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Thread: Crossbow vs. Compound Bow

  1. #1
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    Crossbow vs. Compound Bow

    first off this thread isn't intended to discuss why one or the other shouldn't be allowed in certain seasons. i am wanting to know why compound bows are held, for the most part, to the "5 grains of arrow weight per pound of draw weight" rule when crossbows are not held to the same standard? if they were both held to the same standard, a 150# crossbow would have to shoot a bolt with a minimum weight of 750 grains. looking at the weights of crossbow bolts, they are around the same weight as the arrow that i shoot out of my compound bow. is a crossbows limbs made that much more durable than a compound bows limbs?

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    Quote Originally Posted by CamoCop View Post
    first off this thread isn't intended to discuss why one or the other shouldn't be allowed in certain seasons. i am wanting to know why compound bows are held, for the most part, to the "5 grains of arrow weight per pound of draw weight" rule when crossbows are not held to the same standard? if they were both held to the same standard, a 150# crossbow would have to shoot a bolt with a minimum weight of 750 grains. looking at the weights of crossbow bolts, they are around the same weight as the arrow that i shoot out of my compound bow. is a crossbows limbs made that much more durable than a compound bows limbs?
    Way stiffer spine due to the length they are cut to means you can shoot a lighter weight in relation to the poundage of the crossbow. They are much thicker walled if you look at one closely.
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    the one's i saw were a .300 and around 8.7 gpi, just like my arrows.
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    i understand the bolts being cut shorter which allows the spine to work. i don't understand how the bolts total weight or lack there of, doesn't damage the limbs of the crossbow. the right arrow spine allows for proper arrow flight but has nothing to do with damaging a bows limbs. generally the greater the spine, the arrow weight increses which helps in keeping an arrow heavy enough to keep from damaging a bows limbs.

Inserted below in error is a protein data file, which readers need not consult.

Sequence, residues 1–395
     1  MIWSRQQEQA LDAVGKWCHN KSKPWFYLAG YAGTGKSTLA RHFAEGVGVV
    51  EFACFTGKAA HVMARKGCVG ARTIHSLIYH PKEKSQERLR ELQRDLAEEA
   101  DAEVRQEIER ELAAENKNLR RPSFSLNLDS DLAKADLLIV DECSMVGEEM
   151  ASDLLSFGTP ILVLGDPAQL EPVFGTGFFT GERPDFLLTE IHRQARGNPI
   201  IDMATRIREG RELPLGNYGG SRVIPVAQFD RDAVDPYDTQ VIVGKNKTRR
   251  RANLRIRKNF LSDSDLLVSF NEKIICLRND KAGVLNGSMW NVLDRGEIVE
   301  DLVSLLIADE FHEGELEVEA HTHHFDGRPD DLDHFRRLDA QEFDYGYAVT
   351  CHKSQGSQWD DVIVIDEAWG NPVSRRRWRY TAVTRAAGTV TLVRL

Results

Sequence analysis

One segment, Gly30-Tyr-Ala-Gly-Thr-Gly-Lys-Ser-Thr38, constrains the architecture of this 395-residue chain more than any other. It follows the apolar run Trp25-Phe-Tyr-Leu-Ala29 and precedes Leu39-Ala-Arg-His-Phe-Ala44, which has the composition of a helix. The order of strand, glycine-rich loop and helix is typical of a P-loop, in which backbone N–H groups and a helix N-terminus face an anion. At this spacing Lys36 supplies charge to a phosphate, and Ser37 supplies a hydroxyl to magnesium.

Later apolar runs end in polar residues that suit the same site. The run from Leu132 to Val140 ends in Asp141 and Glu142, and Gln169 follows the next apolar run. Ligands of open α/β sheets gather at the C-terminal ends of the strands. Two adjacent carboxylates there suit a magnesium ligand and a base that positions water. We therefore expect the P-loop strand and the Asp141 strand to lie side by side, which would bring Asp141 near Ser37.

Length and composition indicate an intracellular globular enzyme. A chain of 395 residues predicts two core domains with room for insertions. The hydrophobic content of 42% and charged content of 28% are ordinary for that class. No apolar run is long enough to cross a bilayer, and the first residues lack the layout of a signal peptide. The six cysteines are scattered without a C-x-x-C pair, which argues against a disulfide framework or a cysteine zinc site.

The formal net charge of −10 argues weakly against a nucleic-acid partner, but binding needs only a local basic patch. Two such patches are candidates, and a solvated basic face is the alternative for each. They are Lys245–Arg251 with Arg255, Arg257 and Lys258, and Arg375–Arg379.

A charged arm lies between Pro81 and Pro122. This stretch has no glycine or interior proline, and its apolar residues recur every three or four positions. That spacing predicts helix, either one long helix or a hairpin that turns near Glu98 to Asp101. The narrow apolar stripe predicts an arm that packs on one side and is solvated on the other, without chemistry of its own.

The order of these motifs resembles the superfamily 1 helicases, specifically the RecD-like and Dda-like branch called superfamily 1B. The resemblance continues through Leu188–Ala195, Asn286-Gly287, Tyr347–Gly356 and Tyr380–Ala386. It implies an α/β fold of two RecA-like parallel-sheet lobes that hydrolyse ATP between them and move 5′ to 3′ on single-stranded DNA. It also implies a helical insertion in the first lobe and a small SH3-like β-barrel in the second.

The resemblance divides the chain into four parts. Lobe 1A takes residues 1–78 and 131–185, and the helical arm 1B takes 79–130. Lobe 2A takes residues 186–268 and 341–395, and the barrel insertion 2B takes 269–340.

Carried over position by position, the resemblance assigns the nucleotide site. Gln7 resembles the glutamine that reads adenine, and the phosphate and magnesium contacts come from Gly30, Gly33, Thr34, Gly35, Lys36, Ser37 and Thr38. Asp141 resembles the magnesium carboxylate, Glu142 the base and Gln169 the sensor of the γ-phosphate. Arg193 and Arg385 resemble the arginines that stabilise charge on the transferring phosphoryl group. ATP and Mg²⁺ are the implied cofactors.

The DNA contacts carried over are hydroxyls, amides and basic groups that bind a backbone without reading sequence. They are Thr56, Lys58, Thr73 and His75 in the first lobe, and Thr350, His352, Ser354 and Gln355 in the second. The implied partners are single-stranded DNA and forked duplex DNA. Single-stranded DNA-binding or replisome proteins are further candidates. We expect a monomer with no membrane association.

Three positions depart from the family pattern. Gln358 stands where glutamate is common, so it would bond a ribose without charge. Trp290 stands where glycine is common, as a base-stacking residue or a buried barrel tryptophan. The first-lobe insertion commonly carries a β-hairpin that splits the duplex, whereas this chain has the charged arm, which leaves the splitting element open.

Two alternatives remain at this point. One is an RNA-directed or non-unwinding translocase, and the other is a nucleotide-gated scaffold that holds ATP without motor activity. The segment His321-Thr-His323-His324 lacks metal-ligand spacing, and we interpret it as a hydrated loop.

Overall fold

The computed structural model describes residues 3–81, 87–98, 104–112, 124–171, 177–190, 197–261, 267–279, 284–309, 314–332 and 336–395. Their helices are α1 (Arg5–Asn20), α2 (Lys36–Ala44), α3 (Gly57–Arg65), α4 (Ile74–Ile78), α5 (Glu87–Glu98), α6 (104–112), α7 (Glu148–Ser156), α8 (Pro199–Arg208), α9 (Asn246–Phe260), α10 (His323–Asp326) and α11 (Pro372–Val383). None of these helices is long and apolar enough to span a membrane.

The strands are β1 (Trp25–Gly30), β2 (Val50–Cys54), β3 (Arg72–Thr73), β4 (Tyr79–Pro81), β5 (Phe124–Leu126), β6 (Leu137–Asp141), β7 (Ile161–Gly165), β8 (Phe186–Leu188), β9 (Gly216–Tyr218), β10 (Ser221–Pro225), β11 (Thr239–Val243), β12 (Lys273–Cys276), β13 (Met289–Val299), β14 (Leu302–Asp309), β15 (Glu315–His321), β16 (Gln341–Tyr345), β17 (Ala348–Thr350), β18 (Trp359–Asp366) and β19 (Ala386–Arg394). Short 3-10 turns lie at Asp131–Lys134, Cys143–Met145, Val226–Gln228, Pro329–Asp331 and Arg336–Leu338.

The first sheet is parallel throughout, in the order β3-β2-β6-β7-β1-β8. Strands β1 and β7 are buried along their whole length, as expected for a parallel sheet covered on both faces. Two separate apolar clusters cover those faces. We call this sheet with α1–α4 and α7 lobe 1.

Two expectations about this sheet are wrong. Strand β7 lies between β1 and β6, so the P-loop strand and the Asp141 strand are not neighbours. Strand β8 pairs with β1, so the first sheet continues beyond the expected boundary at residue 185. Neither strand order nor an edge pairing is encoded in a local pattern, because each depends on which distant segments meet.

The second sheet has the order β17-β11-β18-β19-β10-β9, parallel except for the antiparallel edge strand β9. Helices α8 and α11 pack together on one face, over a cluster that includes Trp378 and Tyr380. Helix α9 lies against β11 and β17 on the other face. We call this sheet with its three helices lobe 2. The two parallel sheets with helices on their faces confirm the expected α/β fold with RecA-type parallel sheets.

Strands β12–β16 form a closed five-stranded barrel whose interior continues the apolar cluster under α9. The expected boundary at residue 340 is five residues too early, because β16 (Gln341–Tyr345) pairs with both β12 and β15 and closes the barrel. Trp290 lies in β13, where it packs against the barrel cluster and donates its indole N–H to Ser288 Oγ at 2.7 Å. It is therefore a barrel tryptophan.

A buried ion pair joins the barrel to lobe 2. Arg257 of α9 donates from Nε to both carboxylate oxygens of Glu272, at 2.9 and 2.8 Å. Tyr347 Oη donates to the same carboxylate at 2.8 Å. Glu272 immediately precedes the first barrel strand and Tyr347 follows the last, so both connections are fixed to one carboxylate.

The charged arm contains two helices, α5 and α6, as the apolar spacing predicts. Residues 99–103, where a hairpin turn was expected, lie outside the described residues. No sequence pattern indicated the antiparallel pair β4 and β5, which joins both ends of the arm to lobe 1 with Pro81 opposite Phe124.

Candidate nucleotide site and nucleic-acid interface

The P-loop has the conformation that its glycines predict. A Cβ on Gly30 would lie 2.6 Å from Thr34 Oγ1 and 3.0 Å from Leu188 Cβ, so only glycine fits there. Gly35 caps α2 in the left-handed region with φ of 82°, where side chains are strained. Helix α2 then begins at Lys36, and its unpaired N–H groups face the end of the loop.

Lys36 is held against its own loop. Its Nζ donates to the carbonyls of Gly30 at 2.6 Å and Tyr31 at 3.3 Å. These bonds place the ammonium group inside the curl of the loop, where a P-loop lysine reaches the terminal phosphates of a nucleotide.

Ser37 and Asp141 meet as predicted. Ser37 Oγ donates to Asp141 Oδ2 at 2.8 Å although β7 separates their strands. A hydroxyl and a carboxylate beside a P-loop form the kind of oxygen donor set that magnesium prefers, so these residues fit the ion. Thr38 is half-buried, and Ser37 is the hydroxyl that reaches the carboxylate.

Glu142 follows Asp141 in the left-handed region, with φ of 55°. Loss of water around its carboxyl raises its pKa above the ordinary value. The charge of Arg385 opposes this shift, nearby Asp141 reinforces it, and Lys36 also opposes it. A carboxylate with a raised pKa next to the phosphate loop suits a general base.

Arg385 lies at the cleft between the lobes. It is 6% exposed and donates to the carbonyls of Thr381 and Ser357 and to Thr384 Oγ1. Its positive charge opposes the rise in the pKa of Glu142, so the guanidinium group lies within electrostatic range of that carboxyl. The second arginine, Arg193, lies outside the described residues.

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    Limbs are shorter?

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    Quote Originally Posted by CamoCop View Post
    the one's i saw were a .300 and around 8.7 gpi, just like my arrows.
    They are cut to 20" or 22" though spine is measured at 29" if I remember correctly. Dynamic spine would be around .200 I would imagine if the are cut at 20". A stiffer spine would allow shooting less than 5 GPP safely is my somewhat educated guess. Remember 5gpp is a safety measure and a much stiffer spine would make shooting safer with less than 5GPP.
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    Quote Originally Posted by snoman4 View Post
    They are cut to 20" or 22" though spine is measured at 29" if I remember correctly. Dynamic spine would be around .200 I would imagine if the are cut at 20". A stiffer spine would allow shooting less than 5 GPP safely is my somewhat educated guess.
    still the spine has no difference in a bows limbs being damaged, spine is determined for optimal arrow flight. it's the total arrow weight that keeps the limbs from being damaged.
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    Quote Originally Posted by Timmy Big Time View Post
    Limbs are shorter?
    not sure, this is why i asked...lol. i recently inherited a crossbow and need to buy some bolts for it. i'm setting it up so my 7 year old son can use it during archery season this year. while looking for bolts to buy i noticed they aren't any heavier than my bows arrows but my bow is 75 pounds and this crossbow is 150 pounds.